The Singapore government plans to release its inaugural Zero Waste Masterplan later this year. The Masterplan will detail the government’s upcoming policies and plans, including in infrastructure and R&D. The Masterplan will cover the management of three waste streams:
Electrical and electronic waste: From 2021, producers that supply covered electrical and electronic equipment (EEE) to the local market will be responsible for the end-of-life collection and treatment of their products. Suppliers of consumer EEE will be required to join a Producer Responsibility Organisation (PRO), which will be appointed by NEA, to collect and send e-waste for recycling. A single PRO will benefit from economies of scale, and lower the overall cost of the system. Collection targets will be imposed on the PRO, but penalties for failure to meet collection targets will only be enforced from 2024 to allow transition time.
Packaging waste: From 2020, producers of packaging and packaged products (i.e., brand owners, manufacturers, importers, and supermarkets) with an annual turnover of more than SGD 10 million (USD 7.4 million) will be required to report on the amounts and types of packaging they put on the market, and their plans to reduce, reuse and recycle them. This will lay the foundation for the introduction of an Extended Producer Responsibility framework which will be implemented by 2025.
Food waste: From 2024, large commercial and industrial food waste generators will be required to segregate their food waste for treatment. Such premises include large hotels and malls, and large industrial developments housing food manufacturers, food caterers and food storage warehouses. The Ministry of the Environment and Water Resources (MEWR) and the National Environment Agency (NEA) will work with the public sector to take the lead in segregating food waste for treatment in large public sector buildings where a significant amount of food waste is generated, from 2021 onwards. From 2021, developers of new developments which are expected to be large food waste generators will be required to allocate and set aside space for on-site food waste treatment in their design plans. They will also be required to implement on-site food waste treatment from 2024.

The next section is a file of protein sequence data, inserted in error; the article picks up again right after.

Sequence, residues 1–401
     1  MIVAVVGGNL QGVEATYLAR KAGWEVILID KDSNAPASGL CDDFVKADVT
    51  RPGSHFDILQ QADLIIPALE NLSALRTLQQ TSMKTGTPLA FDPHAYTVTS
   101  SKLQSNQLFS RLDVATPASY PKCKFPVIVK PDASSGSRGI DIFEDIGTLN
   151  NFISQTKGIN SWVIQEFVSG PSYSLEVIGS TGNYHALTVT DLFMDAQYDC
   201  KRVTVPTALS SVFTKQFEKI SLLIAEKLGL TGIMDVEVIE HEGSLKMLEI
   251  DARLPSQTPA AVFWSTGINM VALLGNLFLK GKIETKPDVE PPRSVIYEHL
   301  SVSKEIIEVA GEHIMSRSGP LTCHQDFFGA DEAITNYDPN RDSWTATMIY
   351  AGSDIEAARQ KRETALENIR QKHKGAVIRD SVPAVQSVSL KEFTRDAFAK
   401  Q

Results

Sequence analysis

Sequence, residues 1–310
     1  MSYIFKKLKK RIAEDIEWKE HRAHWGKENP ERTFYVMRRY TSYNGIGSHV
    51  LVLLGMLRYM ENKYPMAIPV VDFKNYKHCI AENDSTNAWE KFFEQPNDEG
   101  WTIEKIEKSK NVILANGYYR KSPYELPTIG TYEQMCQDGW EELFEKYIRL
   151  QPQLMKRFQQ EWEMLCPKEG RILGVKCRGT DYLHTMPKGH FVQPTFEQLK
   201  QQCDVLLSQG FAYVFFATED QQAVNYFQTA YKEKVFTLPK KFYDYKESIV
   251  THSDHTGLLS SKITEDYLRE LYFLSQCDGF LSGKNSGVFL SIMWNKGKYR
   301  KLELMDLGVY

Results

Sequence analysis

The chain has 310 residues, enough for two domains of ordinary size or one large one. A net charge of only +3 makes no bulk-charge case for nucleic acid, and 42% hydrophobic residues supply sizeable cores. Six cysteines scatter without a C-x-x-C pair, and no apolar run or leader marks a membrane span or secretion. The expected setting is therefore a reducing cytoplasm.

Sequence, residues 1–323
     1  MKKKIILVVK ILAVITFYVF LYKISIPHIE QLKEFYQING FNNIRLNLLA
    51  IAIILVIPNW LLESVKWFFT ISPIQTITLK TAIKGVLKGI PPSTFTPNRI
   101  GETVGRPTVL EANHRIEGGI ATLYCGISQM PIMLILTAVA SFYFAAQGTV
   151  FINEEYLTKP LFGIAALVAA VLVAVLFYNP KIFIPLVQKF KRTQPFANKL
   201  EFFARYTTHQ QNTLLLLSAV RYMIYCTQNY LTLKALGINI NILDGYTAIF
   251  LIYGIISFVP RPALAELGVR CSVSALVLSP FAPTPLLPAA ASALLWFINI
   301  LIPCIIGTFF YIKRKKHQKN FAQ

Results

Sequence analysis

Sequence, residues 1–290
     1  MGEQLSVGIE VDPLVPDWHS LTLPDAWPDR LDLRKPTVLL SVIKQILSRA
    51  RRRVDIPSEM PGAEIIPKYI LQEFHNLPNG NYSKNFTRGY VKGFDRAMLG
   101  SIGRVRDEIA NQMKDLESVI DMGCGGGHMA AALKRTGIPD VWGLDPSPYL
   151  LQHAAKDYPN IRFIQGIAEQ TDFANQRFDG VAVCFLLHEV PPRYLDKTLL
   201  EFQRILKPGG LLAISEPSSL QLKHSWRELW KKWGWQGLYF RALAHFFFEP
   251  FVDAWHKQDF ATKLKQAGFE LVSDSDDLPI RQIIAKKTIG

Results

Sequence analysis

The new regulations are intended to send an economic signal to producers to take into account environmental externalities and facilitate resource recovery. They are expected to incentivize them to design products to last longer, improve recyclability, and reduce packaging.
(Sources: Ministry of the Environment and Water Resources, Singapore; Straits Times; Today)